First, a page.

Saturday, December 12, 2009

New ASHE Cuyahoga Valley Website goes live!


My most recent website design is now live. ASHE Cuyahoga Valley is a membership organization for civil engineers, construction management professionals and project management companies in Northeast Ohio.

This new site features a dynamic calendar for the events page as well as a gallery page with inherent image navigation.

Thursday, December 3, 2009

Business Cards, Flyers, Brochures, Letterheads - all Cheap!

The Wonderful New World of Print-on-Demand

Those of us who have been working in the print design world for a number of years can recall how time consuming and expensive it once was to order items as simple as printed business cards. Single color cards ran at least $100 for 250 qty, and full color business cards often cost hundreds of dollars!

Fast forward to the present, and you will find many more cost-effective options for printing not only business cards, but just about any business or personal print collateral you can think of: letterheads, post cards, invitations, calendars, envelopes and more. The cost of printings these things hasn't just come down, it has plummeted.

Add to great pricing the ability to use your own design, canned templates or a combination of template and custom formatting, and you have a winning package. The icing on the cake is that you can actually get these items printed and delivered quickly.

What has made all this possible is the evolution of the digital printing industry, or "print-on-demand." While some printing companies still utilize lithographic printing methods for print-on-demand orders, much of the printed product is being produced via digital printing technologies.

You and I don't need to understand the equipment used, or how they do it. What matters to us is that we receive a high-quality product for a great price.

One thing you do need to keep in mind when you order from a Print-on-Demand house ... read ALL of the instructions before uploading any custom artwork and particularly before hitting the "Buy" button! This especially applies to designs you have created yourself. Each printer has different specifications for file size, resolution, crop dimensions, etc. Not following instructions to the letter is likely to yield an end product with surprise results. For instance, one would think that the dimensions on a standard business card are universal. Not so! Each print-on-demand site has slightly different dimensions for a custom business card design.

While there are many print-on-demand suppliers now on the market, I have three favorites that I would like to share with you: Vistaprint.com, overnightprints.com and got print.net.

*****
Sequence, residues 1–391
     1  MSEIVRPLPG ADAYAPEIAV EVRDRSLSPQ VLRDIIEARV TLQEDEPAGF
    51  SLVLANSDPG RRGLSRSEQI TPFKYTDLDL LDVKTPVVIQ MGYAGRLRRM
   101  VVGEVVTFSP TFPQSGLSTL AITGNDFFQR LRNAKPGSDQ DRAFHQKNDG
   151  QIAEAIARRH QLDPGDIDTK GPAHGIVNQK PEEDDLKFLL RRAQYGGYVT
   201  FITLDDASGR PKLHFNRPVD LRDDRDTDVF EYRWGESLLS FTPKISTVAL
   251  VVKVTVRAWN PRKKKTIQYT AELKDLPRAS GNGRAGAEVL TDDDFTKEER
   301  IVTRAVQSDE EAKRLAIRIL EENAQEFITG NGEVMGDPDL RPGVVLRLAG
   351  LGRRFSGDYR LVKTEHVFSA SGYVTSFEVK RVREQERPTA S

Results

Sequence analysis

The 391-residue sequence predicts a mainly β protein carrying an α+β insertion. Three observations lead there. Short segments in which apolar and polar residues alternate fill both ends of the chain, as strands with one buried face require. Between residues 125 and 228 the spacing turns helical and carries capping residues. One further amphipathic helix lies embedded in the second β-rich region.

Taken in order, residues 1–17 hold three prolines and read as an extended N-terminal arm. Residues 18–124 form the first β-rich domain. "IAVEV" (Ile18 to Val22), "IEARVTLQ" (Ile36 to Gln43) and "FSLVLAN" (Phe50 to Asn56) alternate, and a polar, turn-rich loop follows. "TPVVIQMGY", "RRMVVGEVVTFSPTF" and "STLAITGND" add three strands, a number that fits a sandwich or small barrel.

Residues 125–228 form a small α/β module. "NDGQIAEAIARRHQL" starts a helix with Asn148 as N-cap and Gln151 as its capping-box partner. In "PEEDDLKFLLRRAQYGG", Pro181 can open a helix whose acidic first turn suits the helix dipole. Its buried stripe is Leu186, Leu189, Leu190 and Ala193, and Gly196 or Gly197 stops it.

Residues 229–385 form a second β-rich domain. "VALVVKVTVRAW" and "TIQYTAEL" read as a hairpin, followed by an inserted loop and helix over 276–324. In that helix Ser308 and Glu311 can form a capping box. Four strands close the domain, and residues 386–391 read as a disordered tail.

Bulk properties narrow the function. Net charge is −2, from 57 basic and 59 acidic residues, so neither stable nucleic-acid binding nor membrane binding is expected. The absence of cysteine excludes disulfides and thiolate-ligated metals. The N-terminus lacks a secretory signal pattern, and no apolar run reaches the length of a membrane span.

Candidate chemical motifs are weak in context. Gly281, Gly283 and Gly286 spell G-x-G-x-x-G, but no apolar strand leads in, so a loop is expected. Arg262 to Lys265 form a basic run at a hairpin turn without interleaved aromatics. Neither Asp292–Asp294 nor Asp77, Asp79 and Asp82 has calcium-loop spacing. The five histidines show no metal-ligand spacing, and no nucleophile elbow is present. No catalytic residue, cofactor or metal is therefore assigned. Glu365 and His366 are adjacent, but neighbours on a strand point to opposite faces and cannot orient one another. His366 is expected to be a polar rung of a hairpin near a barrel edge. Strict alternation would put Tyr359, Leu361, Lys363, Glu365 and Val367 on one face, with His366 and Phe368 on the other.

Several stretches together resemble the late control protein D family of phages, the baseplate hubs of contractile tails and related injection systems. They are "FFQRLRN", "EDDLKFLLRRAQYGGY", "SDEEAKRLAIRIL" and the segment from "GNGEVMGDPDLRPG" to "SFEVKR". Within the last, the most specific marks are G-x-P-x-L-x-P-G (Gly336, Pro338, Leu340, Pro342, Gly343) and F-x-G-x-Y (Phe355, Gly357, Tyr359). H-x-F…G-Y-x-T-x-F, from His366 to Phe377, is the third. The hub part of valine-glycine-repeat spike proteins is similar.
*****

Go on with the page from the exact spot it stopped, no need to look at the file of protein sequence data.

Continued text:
Vistaprint.com is one of the early leaders in this market, and they continue to break new ground by adding more and more options for printed items, as well as many new stock/template designs. They also now offer specialty items such as t-shirts. Website design & hosting (yes, you can create your own) is one vistaprint's newest ventures.

Overnightprints.com is a wonderful supplier for all sorts of business stationery. Last year they started offering an interactive online design tool - sure to delight just about anyone who doesn't have time to do their own custom design, but also doesn't want stock artwork for his/her look.

My latest, and current favorite, in the print-on-demand field is gotprint.net. They have several paper stock selections for business cards, including a recycled stock with aqueous coating. This creates a top professional business card - sporting a high quality coating, yet with a paper surface that remains "writeable" so that you can pen a note on the card. I was extremely impressed with their 3-panel brochures as well.

All of these sites have an amazing array of standing artwork and pre-printed backgrounds. Thanks to print-on-demand, you can have a professional, full-color image for your business in no time at all!

Friday, November 20, 2009

Featured Graphic Designer: Janet Kullman

This article begins the first in a series of Featured Graphic Designers. Over the years I have been privileged to meet many fellow designer friends, both personally and online. This blog will now broaden it's horizons by featuring the work of these wonderfully creative individuals on a regular basis.




An admitted typoholic, "I love words, but am not a verbose persons," Janet says, "it's actually the interplay between the letters and other elements that attracts me."

This love of type mixed with her love of color and overpowering need to create, lead her to study graphic design. "Oh yes, I still love words, they can say a lot, but poet or essayist, I'm not. I like things said in their most succinct form and that, to me, is visual".